(5) Elevated the casualty's legs.
      (6) Monitored the casualty until the
symptoms were gone or medical aid
arrives.
NOTE: If possible, the casualty should not participate in
strenuous activity for the rest of the day.
WARNING:         Heat Stroke Must Be Considered A
Medical Emergency Which May Result In Death If
Treatment Is Delayed. Cooling Measures Will Be
Started Immediately And Will Be Continued While
Waiting For Transportation And During Evacuation.
c. Heatstroke.
     (1) Moved the casualty to a cool or
shady area or improvised shade.
     (2) Loosened     or   removed the
casualty's clothing unless in a chemical
environment.
     (3) Sprayed or poured water on the
casualty and fanned him or her unless in a
chemical environment.
     (4) Massaged the casualty's arms
and legs unless in a chemical
environment.
     (5) Elevated the casualty's legs.




4-127
Performance Measures                             Results
   (6) If the casualty was conscious,
made him or her slowly drink at least one
canteen of cool water.
Note: Watch the casualty closely for life-threatening
conditions, check for other injuries, and seek medical aid.

Evaluation Guidance: Score the soldier GO if all
performance measures are passed. Score the soldier NO-
GO if any performance measure is failed. If the soldier
scores NO-GO, show the soldier what was done wrong and
how to do it correctly.
References
Required                       Related
FM 21-11



    Perform First Aid For Bleeding Of An Extremity
                       081-831-1032
Conditions: You have a casualty who has a bleeding
wound of the arm or leg. Given the casualty's first aid
packet, materials to improvise a pressure dressing
(wadding and cravat or strip of cloth), and materials to
elevate the extremity (blanket, shelter half, poncho, log, or
any available material), rigid object (stick, tent peg or
similar object) and a strip of cloth.
Standards: Controlled bleeding from the wound following
the correct sequence. Placed a field dressing over the
wound with the sides of dressing sealed and so that it did
not slip. The field and pressure dressings did not have a
tourniquet-like effect. Applied a tourniquet to stop profuse
bleeding not stopped by the dressings or for missing arms
and legs.
                                                    4-128
Performance Steps
1. Uncover the wound unless the clothing is stuck to the
wound or a chemical environment exists.
WARNING: Do Not Remove Protective Clothing In A
Chemical Environment. Apply Dressings Over The
Protective Clothing.
NOTE: If an arm or leg has been cut off go to step 5.
2. Apply the casualty's field dressing.
   a.Apply the dressing, white side down, directly over the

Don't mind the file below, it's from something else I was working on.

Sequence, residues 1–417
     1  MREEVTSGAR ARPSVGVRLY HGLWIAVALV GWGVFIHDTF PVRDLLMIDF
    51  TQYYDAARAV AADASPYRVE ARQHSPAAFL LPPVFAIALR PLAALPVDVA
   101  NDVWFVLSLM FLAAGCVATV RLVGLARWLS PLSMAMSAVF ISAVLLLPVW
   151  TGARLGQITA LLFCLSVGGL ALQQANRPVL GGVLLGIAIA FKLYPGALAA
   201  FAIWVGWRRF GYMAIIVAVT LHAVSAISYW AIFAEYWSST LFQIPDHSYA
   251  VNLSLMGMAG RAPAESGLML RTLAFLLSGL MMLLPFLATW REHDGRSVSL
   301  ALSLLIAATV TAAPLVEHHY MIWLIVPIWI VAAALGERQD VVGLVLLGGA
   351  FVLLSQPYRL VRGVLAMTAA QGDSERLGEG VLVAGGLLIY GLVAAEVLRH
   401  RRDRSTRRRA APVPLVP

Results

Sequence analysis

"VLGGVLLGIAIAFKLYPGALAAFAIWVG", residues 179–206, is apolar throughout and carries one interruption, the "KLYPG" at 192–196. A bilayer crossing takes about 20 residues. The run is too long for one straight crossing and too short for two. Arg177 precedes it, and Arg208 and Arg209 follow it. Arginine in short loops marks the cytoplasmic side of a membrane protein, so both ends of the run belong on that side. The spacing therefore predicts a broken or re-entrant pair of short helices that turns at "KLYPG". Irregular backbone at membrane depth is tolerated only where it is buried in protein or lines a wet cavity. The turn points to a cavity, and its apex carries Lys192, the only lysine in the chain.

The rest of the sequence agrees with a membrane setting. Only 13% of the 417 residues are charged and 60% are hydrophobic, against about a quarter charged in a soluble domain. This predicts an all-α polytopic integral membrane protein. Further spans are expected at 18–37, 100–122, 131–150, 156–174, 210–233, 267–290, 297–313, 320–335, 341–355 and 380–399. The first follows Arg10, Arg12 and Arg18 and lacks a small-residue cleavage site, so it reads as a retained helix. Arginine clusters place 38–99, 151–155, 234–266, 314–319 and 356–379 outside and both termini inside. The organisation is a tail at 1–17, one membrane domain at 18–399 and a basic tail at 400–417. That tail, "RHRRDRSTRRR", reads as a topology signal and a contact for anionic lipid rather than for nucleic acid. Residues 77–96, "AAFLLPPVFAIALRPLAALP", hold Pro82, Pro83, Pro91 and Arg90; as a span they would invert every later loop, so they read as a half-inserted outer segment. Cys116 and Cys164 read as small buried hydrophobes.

wound.
   b. Wrap each tail, one at a time, in opposite directions
around the wound so that the dressing is covered and both
sides are sealed.
   c. Tie the tails into a non-slip knot over the outer edge of
the dressing, not over the wound.
   d. Check the dressing to make sure that it is tied firmly
enough to prevent slipping without causing a tourniquet-like
effect.
WARNING: Field And Pressure Dressings Should Not
Have A Tourniquet-Like Effect. The Dressing Must Be
Loosened If The Skin Beyond The Injury Becomes Cool,
Blue, Or Numb.
3. Apply manual pressure and elevate the arm or leg to
reduce bleeding ,if necessary.
   a. Apply firm manual pressure over the dressing for 5 to
10 minutes.
   b. Elevate the injured part above the level of the heart
unless a fracture is suspected and has not been splinted.
4. Apply a pressure dressing if the bleeding continues.
   a. Keep the arm or leg elevated.
   b. Place a wad of padding directly over the wound.
   c. Place an improvised dressing over the wad of padding
and wrap it tightly around the limb.


4-129
Performance Steps
   d.Tie the ends in a non-slip knot directly over the wound.
   e.Check the dressing to make sure that it does not have a
tourniquet-like effect.
NOTE: If the bleeding stops, watch the casualty closely,
and check for other injuries. If heavy bleeding continues,
apply a tourniquet.
WARNING: The Only Time That A Tourniquet Should Be
Applied Is When An Arm Or Leg Has Been Cut Off Or
When Heavy Bleeding Cannot Be Stopped By A
Pressure Dressing. If Only Part Of A Hand Or Foot Has
Been Cut Off, The Bleeding Should Be Stopped Using A
Pressure Dressing.
5. Make a tourniquet at least 2 inches wide.
6. Position the tourniquet.
   a. Place the tourniquet over the smoothed sleeve or
trouser leg if possible.
   b. Place the tourniquet around the limb two to four inches
above the wound between the wound and the heart but not
on a joint or directly over a wound or a fracture.
   c. Place the tourniquet just above and as close to the joint
as possible, when wounds are just below a joint.
7. Apply the tourniquet.
   a. Tie a half knot.
   b. Place a stick (or similar object) on top of the half knot.
   c. Tie a full knot over the stick.
   d. Twist the stick until the tourniquet is tight around the
limb and bright red bleeding has stopped.
NOTE: In the case of an amputation, dark oozing blood
may continue for a short time.
8. Secure the tourniquet. The tourniquet can be secured
using the ends of the tourniquet band or with another piece
of cloth as long as the stick does not unwind.



                                                     4-130
Performance Steps
NOTE: If a limb is completely amputated, the stump should
be padded and bandaged (do not cover the tourniquet). If
possible, severed limbs or body parts should be saved and
transported with, but out of sight of, the casualty. The body
parts should be wrapped in dry, sterile dressing and placed
in a dry, plastic bag and in turn placed in a cool container
(do not soak in water or saline or allow to freeze). It is
entirely possible that your location in the field/combat may